Bradley E. Lewis, Psychiatry in the New Millennium: Review of Moving Beyond Prozac, DSM, and the New Psychiatry: The Birth of Postpsychiatry: Ann Arbor, Michigan; The University of Michigan Press; 2006; 198 Numbered Pages/216 Total Pages; 0-472-03117-1; $70.00 /$24.95. [REVIEW]Stephen Y. Wilkerson - 2009 - Journal of Medical Humanities 30 (1):73-75.
  17.  8
    Review of Instrumental Biology, or the Disunity of Science by Alexander Rosenberg. [REVIEW]Bradley E. Wilson - 1996 - Philosophy of Science 63 (1):139-141.
  18.  8
    Review of Theory Change in Science: Strategies From Mendelian Genetics by Lindley Darden. [REVIEW]Bradley E. Wilson - 1994 - Philosophy of Science 61 (1):153-155.
  19. Sociobiology, Sex, and Science: Holcomb, HR,(Albany, NY: State University of New York Press, 1993), X+ 447 Pp., ISBN 0-7914-1260-1 Paperback. [REVIEW]Bradley E. Wilson - 1998 - Studies in History and Philosophy of Science Part C: Studies in History and Philosophy of Biological and Biomedical Sciences 29 (1):201-210.
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  20.  2
    Sociobiology, Sex, and Science.Bradley E. Wilson - 1998 - Studies in History and Philosophy of Science Part C: Studies in History and Philosophy of Biological and Biomedical Sciences 29 (1):201-210.
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  21.  24
    Sociobiology, Sex, and Science.Bradley E. Wilson - 1998 - Studies in History and Philosophy of Science Part C: Studies in History and Philosophy of Biological and Biomedical Sciences 29 (1):201-210.
  22.  36
    The structure of communicative acts.Sarah E. Murray & William B. Starr - 2021 - Linguistics and Philosophy 44 (2):425-474.
    Utterances of natural language sentences can be used to communicate not just contents, but also forces. This paper examines this topic from a cross-linguistic perspective on sentential mood. Recent work in this area focuses on conversational dynamics: the three sentence types can be associated with distinctive kinds of conversational effects called sentential forces, modeled as three kinds of updates to the discourse context. This paper has two main goals. First, it provides two arguments, on empirical and methodological grounds, for treating (...)
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  23.  5
    Proportional Counter Measurements of Π-Mesonic X-Rays From Beryllium.D. West & E. F. Bradley - 1956 - Philosophical Magazine 1 (1):97-100.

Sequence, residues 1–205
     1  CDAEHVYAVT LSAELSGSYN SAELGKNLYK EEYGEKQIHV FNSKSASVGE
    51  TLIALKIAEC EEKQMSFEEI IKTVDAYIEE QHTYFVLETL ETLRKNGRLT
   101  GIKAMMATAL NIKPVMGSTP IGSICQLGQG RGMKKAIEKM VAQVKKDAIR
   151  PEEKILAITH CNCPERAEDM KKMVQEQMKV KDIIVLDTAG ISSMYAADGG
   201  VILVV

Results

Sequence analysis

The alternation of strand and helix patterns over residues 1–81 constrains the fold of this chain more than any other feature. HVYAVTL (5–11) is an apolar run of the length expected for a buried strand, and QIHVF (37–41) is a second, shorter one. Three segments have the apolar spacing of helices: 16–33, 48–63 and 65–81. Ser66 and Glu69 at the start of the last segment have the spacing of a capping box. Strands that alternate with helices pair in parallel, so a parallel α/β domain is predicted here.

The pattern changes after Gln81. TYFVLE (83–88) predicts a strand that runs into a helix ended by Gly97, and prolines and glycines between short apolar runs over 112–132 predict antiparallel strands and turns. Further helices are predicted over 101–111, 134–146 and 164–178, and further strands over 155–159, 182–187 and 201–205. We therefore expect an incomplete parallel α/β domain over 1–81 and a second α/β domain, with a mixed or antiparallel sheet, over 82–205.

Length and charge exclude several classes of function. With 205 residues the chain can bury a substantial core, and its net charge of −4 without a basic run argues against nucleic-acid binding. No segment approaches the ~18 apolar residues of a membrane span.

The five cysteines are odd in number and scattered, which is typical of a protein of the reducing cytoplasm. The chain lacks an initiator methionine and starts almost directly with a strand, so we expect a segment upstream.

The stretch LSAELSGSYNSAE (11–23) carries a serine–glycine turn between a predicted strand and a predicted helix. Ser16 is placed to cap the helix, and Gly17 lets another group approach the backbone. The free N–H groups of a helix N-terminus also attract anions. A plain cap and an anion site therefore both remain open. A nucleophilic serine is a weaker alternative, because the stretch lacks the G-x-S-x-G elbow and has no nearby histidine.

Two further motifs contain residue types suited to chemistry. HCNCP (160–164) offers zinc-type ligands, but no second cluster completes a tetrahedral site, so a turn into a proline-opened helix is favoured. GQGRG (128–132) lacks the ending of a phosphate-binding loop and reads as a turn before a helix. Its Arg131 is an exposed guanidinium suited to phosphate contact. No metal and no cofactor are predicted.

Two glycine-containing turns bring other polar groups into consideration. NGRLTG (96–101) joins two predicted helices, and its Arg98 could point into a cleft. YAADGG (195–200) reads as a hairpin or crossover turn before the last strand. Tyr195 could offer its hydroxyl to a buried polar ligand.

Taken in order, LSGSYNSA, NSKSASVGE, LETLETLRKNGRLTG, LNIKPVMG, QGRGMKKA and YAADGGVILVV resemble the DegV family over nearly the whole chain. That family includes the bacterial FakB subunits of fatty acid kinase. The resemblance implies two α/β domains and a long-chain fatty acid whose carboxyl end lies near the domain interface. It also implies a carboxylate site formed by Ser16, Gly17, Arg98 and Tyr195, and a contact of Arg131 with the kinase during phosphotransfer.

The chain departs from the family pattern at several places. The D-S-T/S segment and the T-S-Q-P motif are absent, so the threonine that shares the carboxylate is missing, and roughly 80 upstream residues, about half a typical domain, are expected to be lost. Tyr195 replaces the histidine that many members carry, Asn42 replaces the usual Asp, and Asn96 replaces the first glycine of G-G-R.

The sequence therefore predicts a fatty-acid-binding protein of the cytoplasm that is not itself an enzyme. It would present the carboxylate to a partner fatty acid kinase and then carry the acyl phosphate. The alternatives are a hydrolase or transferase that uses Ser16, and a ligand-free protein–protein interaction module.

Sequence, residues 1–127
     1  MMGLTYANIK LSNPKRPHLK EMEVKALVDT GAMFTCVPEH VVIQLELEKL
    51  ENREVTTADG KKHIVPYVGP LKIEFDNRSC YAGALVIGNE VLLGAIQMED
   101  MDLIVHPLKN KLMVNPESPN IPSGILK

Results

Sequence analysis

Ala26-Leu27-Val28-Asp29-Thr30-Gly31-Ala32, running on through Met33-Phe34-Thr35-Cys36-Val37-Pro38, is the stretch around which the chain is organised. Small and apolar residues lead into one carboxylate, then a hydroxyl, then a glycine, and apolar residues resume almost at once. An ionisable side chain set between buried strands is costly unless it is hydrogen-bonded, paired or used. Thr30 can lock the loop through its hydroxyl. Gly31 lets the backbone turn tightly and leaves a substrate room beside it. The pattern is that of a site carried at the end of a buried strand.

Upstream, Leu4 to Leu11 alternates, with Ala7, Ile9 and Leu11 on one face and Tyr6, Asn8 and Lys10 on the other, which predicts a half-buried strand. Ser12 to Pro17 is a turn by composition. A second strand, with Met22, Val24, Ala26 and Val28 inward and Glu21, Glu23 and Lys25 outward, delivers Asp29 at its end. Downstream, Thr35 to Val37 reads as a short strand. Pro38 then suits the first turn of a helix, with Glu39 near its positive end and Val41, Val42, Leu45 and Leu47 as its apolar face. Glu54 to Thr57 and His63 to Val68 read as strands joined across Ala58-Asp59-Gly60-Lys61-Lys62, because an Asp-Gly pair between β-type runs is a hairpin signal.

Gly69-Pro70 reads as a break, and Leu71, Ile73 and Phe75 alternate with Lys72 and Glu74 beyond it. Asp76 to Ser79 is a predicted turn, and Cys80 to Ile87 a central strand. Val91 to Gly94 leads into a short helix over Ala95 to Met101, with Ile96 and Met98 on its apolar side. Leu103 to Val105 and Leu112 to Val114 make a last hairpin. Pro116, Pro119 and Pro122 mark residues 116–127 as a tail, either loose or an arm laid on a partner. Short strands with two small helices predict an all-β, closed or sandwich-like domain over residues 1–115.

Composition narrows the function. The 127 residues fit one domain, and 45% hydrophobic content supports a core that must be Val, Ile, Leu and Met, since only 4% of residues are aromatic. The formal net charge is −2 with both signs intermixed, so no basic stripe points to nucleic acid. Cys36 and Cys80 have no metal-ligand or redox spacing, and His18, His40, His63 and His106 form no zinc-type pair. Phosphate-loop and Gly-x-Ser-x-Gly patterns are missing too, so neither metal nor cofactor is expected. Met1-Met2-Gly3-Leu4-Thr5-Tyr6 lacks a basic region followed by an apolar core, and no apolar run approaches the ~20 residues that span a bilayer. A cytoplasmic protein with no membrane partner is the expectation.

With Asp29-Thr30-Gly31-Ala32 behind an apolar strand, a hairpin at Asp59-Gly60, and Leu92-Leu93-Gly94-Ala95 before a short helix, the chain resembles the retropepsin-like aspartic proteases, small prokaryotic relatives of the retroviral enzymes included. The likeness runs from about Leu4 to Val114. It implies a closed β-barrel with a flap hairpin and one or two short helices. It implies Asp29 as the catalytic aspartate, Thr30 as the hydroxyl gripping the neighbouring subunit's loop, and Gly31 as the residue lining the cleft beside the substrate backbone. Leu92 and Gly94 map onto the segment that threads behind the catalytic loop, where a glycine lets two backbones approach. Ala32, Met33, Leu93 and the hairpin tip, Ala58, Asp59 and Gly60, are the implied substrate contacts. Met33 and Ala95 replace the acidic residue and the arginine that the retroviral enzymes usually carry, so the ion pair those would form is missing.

24.  2
    Observations on Extensive Air Showers VIII. The Distribution in Declination and Curvature of the Shower Front.E. F. Bradley & N. A. Porter - 1960 - Philosophical Magazine 5 (52):305-310.
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  25. The Collection and Processing of Field Data.E. F. Bradley & O. T. Denmead (eds.) - 1967 - New York: Interscience Publishers.
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  26. Attenzione E coscienza. Ward, Bradley E il dibattito su «mind».Chiara Giuntini - 2010 - Giornale Critico Della Filosofia Italiana 6 (2):299-329.
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  27. F. H. Bradley E la Genesi Della Filosofia Analitica: Contributi Per Una Definizione.Michele Truglia - 2007 - Unicopli.
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  28.  1
    Book Review: Bradley E Wiggins, The Discursive Power of Memes in Digital Culture: Ideology, Semiotics, and Intertextuality. [REVIEW]Andrew Ross - 2020 - Discourse and Communication 14 (2):225-227.
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  29.  28
    Ancient Italy (G.) Bradley, (E.) Isayev, (C.) Riva (Edd.) Ancient Italy. Regions Without Boundaries. Pp. Xviii + 334, Ills, Maps. Exeter: Exeter University Press, 2007. Cased, £45, €67.50, US$85. ISBN: 978-0-85989-813-. [REVIEW]Roman Roth - 2009 - The Classical Review 59 (2):545-.
  30.  4
    Proportional Counter Measurements of Π-Mesonic X-Rays.D. West & E. F. Bradley - 1957 - Philosophical Magazine 2 (20):957-976.
  31. Richard Bradley.E. Clinton- Andrews & Richard Bradley - 1903
     
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  32.  44
    Ethical Leadership: Assessing the Value of a Multifoci Social Exchange Perspective. [REVIEW]S. Duane Hansen, Bradley J. Alge, Michael E. Brown, Christine L. Jackson & Benjamin B. Dunford - 2013 - Journal of Business Ethics 115 (3):435-449.